“Chancellor, Pro Vice Chancellor, Graduates, Ladies and Gentlemen: I am very grateful to Lincoln University for the honour bestowed on me. As a critic of the way journalism is often promoted and taught, I have regarded Lincoln as a beacon, and I pay a warm tribute to Richard Keeble and John Tulloch. I also wish to congratulate all of you who graduate today.

We are living through dangerous times. Britain is part of what is called “the war on terror”, which means that our government, in reality is waging a war of terror in at least two countries, Iraq and Afghanistan. The ancient land that is now Iraq is the cradle of much of what we call civilisation: of writing and books and learning. How many of us are aware that since the first Gulf War in 1991, more innocent people have died in that country as a consequence of the actions of our government and its principal ally than died during the nightmare of slavery.

I believe that only by understanding the crimes committed in our name can we progress as a civilisation. How do we that? With information -- truthful information, found and delivered without fear or favour. For that is the essence of the power of people and of true democracy

There is every indication that in these dangerous times, liberal democracy is moving toward a form of corporate autocracy, in which we the people are becoming accountable to the government, not the other way round, as it should be. This is an historic shift, and the media ought not to be its façade. Had journalists and broadcasters done their job in the years since 1991, had we questioned and exposed the lies of our governments instead of amplifying and echoing them, perhaps a million or more innocent people would be alive today.

I believe we need a public movement that monitors, deconstructs and counters propaganda that comes in the form of news. In every university, in every media college, in every news room, teachers of journalism -- and journalists themselves -- need to question the part they play in the distortion and omission of information that allows great power to have its bloody way. Such a movement could herald a perestroika, a liberation of a kind we have not known – as the internet has already demonstrated. In other words, it is time to reclaim what Tom Paine called “the freedom of words and ideas of truth”.

To those of you planning a career in the media, or indeed in any pursuit that gives you both opportunity and privilege, I urge you to maintain your idealism and maintain your passion and your principled audacity, regardless of age, regardless of what the courtiers of power tell you – while developing a scepticism not about people, but about unaccountable authority: power. In other words, look at things from the ground up, never from the top down.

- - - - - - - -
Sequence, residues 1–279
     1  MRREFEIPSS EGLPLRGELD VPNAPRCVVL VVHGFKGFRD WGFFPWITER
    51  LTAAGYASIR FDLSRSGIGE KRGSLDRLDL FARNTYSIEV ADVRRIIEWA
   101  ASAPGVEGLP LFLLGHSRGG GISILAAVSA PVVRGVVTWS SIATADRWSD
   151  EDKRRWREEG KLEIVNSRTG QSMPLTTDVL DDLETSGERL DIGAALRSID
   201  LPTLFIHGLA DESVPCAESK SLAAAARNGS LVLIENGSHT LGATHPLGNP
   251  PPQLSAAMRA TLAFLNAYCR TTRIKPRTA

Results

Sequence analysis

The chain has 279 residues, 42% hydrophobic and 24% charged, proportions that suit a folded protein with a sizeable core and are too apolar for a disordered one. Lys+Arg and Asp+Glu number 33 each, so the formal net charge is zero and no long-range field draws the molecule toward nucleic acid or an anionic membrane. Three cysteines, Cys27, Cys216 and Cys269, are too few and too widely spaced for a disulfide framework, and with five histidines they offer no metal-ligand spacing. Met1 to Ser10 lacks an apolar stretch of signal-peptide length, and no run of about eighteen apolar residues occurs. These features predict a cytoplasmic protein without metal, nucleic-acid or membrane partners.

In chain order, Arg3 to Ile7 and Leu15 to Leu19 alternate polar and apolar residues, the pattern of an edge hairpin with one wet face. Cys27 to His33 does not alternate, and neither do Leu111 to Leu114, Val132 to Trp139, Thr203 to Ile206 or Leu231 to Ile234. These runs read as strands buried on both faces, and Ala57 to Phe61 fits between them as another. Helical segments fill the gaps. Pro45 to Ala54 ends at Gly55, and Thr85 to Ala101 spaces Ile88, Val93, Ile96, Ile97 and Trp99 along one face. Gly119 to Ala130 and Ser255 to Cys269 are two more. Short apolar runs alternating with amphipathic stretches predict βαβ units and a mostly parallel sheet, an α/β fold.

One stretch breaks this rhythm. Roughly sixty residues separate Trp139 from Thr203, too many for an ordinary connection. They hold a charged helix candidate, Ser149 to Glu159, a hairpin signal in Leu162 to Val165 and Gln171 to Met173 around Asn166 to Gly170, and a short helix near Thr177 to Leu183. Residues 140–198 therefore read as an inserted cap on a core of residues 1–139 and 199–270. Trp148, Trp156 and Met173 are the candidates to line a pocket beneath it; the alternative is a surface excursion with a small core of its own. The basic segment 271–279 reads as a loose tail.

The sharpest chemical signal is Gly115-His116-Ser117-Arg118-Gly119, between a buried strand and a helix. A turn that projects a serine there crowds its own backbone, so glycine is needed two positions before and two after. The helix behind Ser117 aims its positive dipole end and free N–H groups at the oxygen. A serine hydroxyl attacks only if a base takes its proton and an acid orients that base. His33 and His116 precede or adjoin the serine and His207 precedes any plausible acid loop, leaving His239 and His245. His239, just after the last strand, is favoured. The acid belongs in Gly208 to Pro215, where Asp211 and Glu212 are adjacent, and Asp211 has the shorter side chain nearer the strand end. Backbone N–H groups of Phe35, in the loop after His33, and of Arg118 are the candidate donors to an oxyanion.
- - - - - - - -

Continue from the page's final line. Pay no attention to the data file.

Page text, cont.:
Thank you again for the honour you have given me, and all power to your brave endeavours.”


John Pilger

John Pilger reporting from the West Bank John Pilger grew up in Sydney, Australia. Since beginning his career in 1958, he has been a war correspondent, author and film-maker, becoming one of the most acclaimed journalists of his generation.

He is one of only two to win British journalism’s highest award twice for his work all over the world. He has been International Reporter of the Year and winner of the United Nations Association Peace Prize and Gold Medal. For his broadcasting, he has won France’s Reporter Sans Frontières award, an American Academy Award (an Emmy) and a British Academy Award (a BAFTA).

His first film, The Quiet Mutiny, of 1970, explosively revealed a rebellion within the US Army in Vietnam. His 1979 documentary, Cambodia Year Zero, is credited with alerting the world to the horrors of the Pol Pot regime. His 1994 film, Death of a Nation, about East Timor, had a similar consequence. His latest documentary, The War on Democracy, won Best Documentary at the recent One World Media Awards. He is the author of numerous best-selling books including Heroes, A Secret Country, The New Rulers of the World and Hidden Agendas. He is the editor of an anthology, Tell Me No Lies: Investigative Journalism and its Triumphs. His latest book is Freedom Next Time. In 2003, he received the prestigious Sophie Prize for ‘thirty years of exposing deception and improving human rights’.

‘John Pilger unearths, with steely attention to facts, the filthy truth and tells it as it is’ – Harold Pinter.